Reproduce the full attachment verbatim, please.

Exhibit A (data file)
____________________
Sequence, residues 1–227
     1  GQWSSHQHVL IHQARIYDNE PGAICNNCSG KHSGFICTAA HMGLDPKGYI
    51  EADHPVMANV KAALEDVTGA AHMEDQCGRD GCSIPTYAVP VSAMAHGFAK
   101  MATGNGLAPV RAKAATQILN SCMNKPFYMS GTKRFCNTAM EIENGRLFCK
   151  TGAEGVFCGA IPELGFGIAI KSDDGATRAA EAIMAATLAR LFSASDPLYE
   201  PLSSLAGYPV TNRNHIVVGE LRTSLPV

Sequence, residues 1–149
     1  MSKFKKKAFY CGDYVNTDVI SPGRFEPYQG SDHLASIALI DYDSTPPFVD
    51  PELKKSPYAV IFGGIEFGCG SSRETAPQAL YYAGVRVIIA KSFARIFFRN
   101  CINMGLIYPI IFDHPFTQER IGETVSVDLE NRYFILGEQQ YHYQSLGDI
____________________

Sequence, residues 1–227
     1  GQWSSHQHVL IHQARIYDNE PGAICNNCSG KHSGFICTAA HMGLDPKGYI
    51  EADHPVMANV KAALEDVTGA AHMEDQCGRD GCSIPTYAVP VSAMAHGFAK
   101  MATGNGLAPV RAKAATQILN SCMNKPFYMS GTKRFCNTAM EIENGRLFCK
   151  TGAEGVFCGA IPELGFGIAI KSDDGATRAA EAIMAATLAR LFSASDPLYE
   201  PLSSLAGYPV TNRNHIVVGE LRTSLPV

Sequence, residues 1–149
     1  MSKFKKKAFY CGDYVNTDVI SPGRFEPYQG SDHLASIALI DYDSTPPFVD
    51  PELKKSPYAV IFGGIEFGCG SSRETAPQAL YYAGVRVIIA KSFARIFFRN
   101  CINMGLIYPI IFDHPFTQER IGETVSVDLE NRYFILGEQQ YHYQSLGDI